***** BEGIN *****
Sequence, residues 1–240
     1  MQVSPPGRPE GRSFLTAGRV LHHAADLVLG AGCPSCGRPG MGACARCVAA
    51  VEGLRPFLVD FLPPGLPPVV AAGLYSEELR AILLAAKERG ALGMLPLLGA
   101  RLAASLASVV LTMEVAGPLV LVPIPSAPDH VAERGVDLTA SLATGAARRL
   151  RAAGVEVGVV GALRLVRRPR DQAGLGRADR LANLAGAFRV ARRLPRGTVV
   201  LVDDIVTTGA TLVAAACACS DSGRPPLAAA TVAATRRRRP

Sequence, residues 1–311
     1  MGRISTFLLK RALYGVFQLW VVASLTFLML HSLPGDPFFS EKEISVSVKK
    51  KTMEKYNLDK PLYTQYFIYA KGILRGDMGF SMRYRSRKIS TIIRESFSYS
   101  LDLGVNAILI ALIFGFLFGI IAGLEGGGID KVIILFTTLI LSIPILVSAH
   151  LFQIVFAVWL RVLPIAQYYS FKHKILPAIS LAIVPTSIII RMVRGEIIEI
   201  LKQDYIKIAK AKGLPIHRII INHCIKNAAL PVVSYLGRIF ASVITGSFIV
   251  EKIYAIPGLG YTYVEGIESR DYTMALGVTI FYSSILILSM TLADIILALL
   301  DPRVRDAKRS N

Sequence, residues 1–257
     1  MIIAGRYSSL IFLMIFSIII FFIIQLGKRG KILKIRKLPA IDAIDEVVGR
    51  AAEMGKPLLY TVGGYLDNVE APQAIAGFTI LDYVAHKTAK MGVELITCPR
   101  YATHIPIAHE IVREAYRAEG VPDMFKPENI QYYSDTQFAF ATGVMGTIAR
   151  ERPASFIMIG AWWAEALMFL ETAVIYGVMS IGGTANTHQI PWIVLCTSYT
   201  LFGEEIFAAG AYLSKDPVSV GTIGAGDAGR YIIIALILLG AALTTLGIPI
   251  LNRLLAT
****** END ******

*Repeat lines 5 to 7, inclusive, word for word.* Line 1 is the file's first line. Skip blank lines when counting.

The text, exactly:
   151  RAAGVEVGVV GALRLVRRPR DQAGLGRADR LANLAGAFRV ARRLPRGTVV
   201  LVDDIVTTGA TLVAAACACS DSGRPPLAAA TVAATRRRRP

Sequence, residues 1–311